Mother’s Day and the Childless Female Mormon

Let me say right at the outset that I am a fan of Moms. I am a fan of my mother especially. I believe that Mothers absolutely deserve to have a day when their efforts and love are acknowledged, when they are cared for and loved in return. I am a huge supporter of Mother’s Day for Mothers. Actual mothers deserve everything they get on Mother’s Day and more. So, mothers of the world, please don’t take the following as an attack on you personally. It’s not you, it’s me.

Due to factors beyond my control, I won’t be in church this Sunday, and I am ecstatic. Depending on how it goes, I may not ever go to church on Mother’s Day again. I hate going to church on Mother’s Day. It was not so bad when I lived in the same town as my mother, when my own status as a child (though an adult) rather than as a mother was understood. I could listen to the homilies about angel mothers and sing the songs and participate in discussions about how necessary good mothers were, using my own mother (who really is pretty amazing) as reference. I could nod along in agreement—“Why yes, my mother is a saint for putting up with me. Why yes, motherhood does sound difficult and thankless and lonely. Why yes, of course Heavenly Father values and blesses mothers.” This was not so bad because the day was clearly not about me.

Now that I live away from my mother, among people who have never even seen my mother, things are different. I am an adult. All of a sudden, I see that those “consolation prize” assurances are directed at me. “Every worthy sister will eventually receive all the blessings that the Lord has promised–” those blessings being, of course, a husband and children—“if she will remain righteous,” runs one familiar refrain. And here I was thinking that I was already blessed, and already righteous (enough). Silly me. “There are many different ways to be a mother,” runs another. “Some women are mothers without ever having any children, as they teach and care for children in their sphere of influence.” Talk about immaculate conception. Now I can be a mother without ever even bringing a child into my home. Looks like labor and childcare are for suckers.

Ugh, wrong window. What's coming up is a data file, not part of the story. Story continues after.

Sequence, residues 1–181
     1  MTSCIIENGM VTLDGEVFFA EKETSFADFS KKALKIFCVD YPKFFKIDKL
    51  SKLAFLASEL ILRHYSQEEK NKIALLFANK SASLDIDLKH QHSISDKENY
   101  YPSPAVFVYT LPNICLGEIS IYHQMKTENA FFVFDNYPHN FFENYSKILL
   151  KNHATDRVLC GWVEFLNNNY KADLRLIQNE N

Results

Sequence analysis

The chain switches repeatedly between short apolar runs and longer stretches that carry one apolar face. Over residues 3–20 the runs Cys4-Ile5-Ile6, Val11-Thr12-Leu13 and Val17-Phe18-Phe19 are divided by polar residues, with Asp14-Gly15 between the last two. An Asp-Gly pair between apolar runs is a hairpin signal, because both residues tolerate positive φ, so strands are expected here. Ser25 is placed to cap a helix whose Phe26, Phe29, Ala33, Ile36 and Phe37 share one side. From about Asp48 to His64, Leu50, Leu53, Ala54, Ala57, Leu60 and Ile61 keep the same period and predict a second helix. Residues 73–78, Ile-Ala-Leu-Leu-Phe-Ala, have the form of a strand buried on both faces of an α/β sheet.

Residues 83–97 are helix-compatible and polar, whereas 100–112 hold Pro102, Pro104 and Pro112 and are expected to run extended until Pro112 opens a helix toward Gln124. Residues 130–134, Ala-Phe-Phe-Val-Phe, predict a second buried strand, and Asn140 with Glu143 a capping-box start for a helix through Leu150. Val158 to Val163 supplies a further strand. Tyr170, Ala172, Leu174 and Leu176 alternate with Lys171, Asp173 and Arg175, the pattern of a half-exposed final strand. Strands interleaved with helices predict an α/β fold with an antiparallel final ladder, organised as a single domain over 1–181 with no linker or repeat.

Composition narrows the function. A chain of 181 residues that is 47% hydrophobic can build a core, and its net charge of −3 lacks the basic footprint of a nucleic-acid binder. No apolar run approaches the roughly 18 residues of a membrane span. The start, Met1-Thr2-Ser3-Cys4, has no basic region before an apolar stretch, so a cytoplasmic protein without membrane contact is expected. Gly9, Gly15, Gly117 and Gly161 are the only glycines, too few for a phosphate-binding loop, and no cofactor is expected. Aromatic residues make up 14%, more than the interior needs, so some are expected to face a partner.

As if the afterthought speeches weren’t bad enough, there’s always some stupid gift that’s given to every adult woman at church. I hate these. To me, they say, “We know that for whatever reason, the Lord hasn’t seen fit to trust you with a child—a thing even Christina Aguilera could do—but maybe you’ll do better with an African violet.” My violets always die. Maybe they’d do better if they didn’t wind up in the trash as soon as I got home.

I don’t mind honoring mothers at all, but I resent the fact that somehow I am supposed to be included in this honoring. I know people mean well when they include childless females in the gifting/honoring that happens on Mother’s Day, and maybe some women really are comforted by all of this, but I feel that these very actions actually degrade me. They make me feel like less of a human being altogether. It’s one thing to say that a woman’s highest achievement and greatest happiness in life can be found in roles as wife and mother; it’s quite another to imply that “woman” is synonymous with “wife” or “mother.” The latter is exactly what happens every Mother’s Day. And if woman = mother, then logically if I’m not a mother, then I’m not a woman. And if I’m not woman in a system in which one must be either a woman or man, what am I??? Again, I know no one means for this sort of thing to be said, but this IS what’s being said when all women are grouped together on Mother’s Day.